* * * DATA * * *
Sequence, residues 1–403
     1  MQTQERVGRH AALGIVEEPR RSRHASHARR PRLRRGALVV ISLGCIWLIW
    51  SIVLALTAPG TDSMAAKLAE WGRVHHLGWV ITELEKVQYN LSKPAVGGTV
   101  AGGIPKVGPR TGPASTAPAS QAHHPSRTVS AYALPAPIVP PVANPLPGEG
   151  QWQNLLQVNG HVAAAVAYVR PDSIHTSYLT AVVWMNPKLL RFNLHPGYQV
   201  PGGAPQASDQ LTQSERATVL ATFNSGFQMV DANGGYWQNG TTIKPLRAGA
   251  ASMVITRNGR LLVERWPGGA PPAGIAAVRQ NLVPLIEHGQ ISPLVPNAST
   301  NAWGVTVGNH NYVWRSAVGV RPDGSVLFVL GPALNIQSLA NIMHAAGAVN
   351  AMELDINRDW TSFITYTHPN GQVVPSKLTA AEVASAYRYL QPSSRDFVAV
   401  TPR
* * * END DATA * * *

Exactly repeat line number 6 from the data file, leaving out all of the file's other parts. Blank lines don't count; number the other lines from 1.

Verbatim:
   201  PGGAPQASDQ LTQSERATVL ATFNSGFQMV DANGGYWQNG TTIKPLRAGA